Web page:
ARGB Asus fan (TUF TR120) now with a thicker profile

Asus TUF Gaming TR120 ARGB

It’s evident from the design of the new TUF Gaming TR120 fan that Asus has diagnosed the weaknesses of its predecessor (and, from the current perspective, weaker model) well and worked on them with a view to achieving better results. These key changes are also easy to point out, and it’s likely that across all possible scenarios this will be one of the most aerodynamically efficient LED fans in the 120mm format.

Last time it really worked out for Asus with an ARGB fan. It’s hard to say how successful it was in terms of sales, but the TUF TF120 really stood out due to its low price. And it’s clear that there was a decision inside Asus to push it even further. The ways of “how” it was done are quite evident from the partial design elements as well.

The first detail that has the potential to increase the airflow through obstacles (and Asus is probably mainly concerned with radiators of AIO coolers…) is the increase of the thickness to 28 mm (from the original 25 mm of the TUF TF120). This will primarily increase the static pressure, which is advertised at 3.3 mm H2O. This is admittedly at zero airflow, and the situation on the radiator will be somewhat different, less restrictive, nonetheless there will be an improvement in this regard in terms of cooling performance. Although it is true that this is somewhat at the expense of worse compatibility than is the case with thinner fans.

The extra thickness would not be of much use to the fan if it was not based on an efficient impeller geometry. There is some similarity to the TF120 in this regard, except the blades of the new TR120 are wider (with smaller gaps between them), a modification that could have an impact on both airflow (up to 131.5 m3/h at 2000 rpm) and static pressure (which Asus claims is up to 32% higher than the previous fan with ARGB).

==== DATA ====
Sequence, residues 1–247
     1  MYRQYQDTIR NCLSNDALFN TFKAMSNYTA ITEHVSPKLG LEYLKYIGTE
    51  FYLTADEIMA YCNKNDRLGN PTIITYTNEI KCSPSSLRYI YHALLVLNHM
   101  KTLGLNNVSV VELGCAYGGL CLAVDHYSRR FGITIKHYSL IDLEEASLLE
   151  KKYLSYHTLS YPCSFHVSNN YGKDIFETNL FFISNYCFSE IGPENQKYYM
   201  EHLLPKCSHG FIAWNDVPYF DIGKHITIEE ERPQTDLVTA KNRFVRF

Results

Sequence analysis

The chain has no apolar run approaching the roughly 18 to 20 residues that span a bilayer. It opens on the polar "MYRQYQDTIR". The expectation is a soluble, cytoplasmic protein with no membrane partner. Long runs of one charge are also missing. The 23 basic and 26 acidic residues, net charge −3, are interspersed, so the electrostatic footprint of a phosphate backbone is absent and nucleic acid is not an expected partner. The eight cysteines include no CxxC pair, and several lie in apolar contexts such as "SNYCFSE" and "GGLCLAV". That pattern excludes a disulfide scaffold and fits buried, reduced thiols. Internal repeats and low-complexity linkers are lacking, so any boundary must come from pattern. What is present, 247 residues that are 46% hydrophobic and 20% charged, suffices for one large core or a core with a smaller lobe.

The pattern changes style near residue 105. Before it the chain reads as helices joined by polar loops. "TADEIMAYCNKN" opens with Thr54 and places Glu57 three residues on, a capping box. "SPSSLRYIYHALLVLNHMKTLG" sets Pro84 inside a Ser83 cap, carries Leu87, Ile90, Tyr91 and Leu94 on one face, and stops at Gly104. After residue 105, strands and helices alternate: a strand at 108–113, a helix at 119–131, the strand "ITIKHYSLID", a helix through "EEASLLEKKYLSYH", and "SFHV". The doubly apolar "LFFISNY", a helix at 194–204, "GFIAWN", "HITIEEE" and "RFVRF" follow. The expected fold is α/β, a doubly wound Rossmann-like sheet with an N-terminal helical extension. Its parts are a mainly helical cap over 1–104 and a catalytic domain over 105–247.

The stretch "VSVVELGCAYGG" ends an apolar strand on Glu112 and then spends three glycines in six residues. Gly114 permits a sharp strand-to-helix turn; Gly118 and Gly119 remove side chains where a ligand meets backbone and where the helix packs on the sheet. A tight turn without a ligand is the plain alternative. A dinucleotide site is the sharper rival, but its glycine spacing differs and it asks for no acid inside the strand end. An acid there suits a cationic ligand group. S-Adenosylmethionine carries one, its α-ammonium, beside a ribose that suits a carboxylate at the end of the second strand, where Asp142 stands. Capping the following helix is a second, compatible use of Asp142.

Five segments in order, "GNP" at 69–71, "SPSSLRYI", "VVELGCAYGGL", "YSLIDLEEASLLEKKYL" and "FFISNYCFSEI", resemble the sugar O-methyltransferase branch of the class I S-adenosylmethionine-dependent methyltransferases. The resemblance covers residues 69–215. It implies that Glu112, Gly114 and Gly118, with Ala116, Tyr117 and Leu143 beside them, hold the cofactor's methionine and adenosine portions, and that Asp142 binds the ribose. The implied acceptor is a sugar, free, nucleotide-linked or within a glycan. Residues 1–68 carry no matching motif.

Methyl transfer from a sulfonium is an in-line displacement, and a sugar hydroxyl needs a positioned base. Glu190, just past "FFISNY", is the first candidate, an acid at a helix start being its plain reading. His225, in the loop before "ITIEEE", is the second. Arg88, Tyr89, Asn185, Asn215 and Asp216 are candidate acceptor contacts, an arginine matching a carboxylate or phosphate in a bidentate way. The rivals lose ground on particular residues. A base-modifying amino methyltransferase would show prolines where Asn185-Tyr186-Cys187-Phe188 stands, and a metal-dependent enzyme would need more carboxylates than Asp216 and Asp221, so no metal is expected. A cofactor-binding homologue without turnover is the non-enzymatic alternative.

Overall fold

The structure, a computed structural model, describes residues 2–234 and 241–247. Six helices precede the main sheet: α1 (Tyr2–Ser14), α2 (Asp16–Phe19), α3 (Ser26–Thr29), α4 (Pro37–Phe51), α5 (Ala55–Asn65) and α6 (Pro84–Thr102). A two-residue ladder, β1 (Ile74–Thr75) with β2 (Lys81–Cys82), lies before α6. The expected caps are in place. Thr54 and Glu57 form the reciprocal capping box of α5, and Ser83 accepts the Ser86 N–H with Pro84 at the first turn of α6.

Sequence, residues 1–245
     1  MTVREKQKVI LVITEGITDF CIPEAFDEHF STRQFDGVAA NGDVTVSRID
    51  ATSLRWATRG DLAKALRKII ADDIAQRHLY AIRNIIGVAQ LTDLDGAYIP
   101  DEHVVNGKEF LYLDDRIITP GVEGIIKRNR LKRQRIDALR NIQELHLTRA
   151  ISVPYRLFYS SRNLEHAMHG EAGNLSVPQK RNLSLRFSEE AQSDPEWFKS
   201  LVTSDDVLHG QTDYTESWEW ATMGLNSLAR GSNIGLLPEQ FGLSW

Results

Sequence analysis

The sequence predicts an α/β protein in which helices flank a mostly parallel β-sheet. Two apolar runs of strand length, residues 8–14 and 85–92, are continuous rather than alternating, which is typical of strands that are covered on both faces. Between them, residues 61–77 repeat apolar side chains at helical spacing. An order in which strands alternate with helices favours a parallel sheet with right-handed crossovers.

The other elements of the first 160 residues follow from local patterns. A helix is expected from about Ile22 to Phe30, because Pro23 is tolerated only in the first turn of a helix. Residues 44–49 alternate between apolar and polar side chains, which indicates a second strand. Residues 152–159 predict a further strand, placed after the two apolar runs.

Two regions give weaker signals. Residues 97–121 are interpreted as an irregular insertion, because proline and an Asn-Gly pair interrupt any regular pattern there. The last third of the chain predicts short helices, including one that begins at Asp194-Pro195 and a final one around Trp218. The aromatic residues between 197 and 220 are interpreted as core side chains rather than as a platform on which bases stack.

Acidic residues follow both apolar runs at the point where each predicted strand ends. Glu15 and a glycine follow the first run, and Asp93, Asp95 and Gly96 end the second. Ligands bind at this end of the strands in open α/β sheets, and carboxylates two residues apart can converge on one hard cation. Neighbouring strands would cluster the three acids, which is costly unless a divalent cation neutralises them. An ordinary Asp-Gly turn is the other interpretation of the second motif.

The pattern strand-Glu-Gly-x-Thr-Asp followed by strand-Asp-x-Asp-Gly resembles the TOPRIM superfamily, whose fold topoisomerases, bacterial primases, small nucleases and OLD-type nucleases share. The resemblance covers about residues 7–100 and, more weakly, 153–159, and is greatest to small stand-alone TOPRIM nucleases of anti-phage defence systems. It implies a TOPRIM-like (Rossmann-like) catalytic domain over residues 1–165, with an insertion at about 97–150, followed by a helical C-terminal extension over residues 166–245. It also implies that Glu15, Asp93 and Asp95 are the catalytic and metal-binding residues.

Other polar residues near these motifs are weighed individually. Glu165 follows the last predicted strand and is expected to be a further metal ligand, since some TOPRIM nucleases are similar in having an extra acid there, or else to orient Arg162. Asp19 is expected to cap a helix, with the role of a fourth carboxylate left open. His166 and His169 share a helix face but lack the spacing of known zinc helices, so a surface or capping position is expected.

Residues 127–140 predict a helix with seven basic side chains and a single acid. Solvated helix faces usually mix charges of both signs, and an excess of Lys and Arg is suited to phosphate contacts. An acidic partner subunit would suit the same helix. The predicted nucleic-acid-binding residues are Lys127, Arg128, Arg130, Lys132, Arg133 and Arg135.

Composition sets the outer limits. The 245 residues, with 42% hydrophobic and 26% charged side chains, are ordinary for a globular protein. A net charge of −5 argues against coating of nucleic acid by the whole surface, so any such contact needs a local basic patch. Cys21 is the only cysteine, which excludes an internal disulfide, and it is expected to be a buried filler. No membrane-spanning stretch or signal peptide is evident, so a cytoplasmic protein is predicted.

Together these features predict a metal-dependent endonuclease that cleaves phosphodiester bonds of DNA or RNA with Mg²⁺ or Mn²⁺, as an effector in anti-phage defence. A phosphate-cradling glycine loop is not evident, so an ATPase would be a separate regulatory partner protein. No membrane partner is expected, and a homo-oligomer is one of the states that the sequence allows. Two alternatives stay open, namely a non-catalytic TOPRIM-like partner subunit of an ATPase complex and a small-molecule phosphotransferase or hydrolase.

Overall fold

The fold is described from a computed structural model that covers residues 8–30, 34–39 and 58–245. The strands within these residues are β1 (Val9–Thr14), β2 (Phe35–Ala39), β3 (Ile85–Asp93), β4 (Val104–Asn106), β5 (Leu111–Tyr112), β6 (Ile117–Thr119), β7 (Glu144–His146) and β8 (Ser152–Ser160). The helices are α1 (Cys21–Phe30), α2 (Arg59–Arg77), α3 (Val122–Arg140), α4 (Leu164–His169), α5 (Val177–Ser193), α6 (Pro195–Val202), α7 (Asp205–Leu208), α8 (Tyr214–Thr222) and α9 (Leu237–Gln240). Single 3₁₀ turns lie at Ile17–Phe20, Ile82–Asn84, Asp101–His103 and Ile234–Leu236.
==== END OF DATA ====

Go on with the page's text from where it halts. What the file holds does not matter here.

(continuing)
The airflow per unit of noise was already high with the TF120, but that’s only in a rather impractical situation. Even though without an obstacle the older Asus ARGB fan (TF120) was positioned above the Arctic P12 A-RGB, on a radiator at a comparable noise level, it already ended up below it (the P12 A-RGB).

The measures Asus has now taken could put the TR120 ahead of the competing Arctic fan. In theory, of course. At the same speed, the TR120 will achieve a higher airflow than the TF120 for sure, but the question is what the differences in noise will be.

Given that the Asus fan blades look quite robust (they are relatively shorter and they are also wider), we can assume that they will not be a source of vibrations and excessively noisy critical sound frequencies. We’ll find out how this really is only from the tests though, which probably won’t leave us waiting long. An Asus representative has already announced that new fans are in the pipeline and we assume that there will be interest in seeing how they perform compared to competing solutions.

The TUF Gaming TR120 fans have fully illuminated impellers (with sixteen LEDs) and Asus has also brought some of the light guides out from the side, along the height of the fan. The walls of the frames are “leaky”. But they are tight, the inner tunnel shroud has no static-pressure-reducing holes around the blades.

In addition to single unit sales, triple-packs will also go into stores. Within them, the fan will probably be cheaper per piece, but we won’t tell you exactly how much or when the TUF TR120 will be in stock, we don’t know at the moment.

English translation and edit by Jozef Dudáš


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